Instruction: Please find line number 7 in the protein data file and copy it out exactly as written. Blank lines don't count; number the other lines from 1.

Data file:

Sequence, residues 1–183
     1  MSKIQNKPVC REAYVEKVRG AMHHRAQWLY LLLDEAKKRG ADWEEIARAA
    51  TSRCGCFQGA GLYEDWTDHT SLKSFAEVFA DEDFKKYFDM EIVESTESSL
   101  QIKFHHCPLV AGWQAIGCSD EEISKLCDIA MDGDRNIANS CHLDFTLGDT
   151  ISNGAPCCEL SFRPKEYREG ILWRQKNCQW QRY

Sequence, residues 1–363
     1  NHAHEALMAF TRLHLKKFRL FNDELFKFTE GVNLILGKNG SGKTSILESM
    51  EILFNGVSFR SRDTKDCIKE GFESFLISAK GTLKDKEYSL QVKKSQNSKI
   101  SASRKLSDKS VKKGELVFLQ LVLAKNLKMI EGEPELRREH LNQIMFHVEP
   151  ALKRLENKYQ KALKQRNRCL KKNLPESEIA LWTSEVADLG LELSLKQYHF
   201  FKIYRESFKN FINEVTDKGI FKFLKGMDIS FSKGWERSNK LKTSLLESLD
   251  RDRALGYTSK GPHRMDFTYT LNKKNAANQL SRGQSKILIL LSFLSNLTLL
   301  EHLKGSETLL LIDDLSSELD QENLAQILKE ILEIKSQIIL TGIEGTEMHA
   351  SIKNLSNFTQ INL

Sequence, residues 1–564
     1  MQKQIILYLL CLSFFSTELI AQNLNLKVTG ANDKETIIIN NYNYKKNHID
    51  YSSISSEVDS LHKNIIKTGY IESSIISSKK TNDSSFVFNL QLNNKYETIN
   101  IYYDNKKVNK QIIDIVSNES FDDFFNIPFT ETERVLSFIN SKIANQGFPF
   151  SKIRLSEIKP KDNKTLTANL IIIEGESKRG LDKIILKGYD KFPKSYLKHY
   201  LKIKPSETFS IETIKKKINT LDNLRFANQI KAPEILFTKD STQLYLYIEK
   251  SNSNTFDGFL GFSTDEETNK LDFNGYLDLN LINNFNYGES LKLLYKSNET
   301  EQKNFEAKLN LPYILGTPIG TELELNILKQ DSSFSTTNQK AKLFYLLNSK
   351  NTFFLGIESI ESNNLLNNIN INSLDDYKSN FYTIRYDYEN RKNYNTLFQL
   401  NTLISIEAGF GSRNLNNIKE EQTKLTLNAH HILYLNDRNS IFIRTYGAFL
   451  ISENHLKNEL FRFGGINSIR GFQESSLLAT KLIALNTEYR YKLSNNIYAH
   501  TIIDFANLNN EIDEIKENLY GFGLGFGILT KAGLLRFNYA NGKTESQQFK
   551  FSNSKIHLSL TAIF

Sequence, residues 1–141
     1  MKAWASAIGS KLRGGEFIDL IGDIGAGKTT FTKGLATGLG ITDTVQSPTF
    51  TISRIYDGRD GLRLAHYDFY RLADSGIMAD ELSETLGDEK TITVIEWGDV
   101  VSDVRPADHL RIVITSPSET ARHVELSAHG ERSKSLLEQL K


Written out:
     1  NHAHEALMAF TRLHLKKFRL FNDELFKFTE GVNLILGKNG SGKTSILESM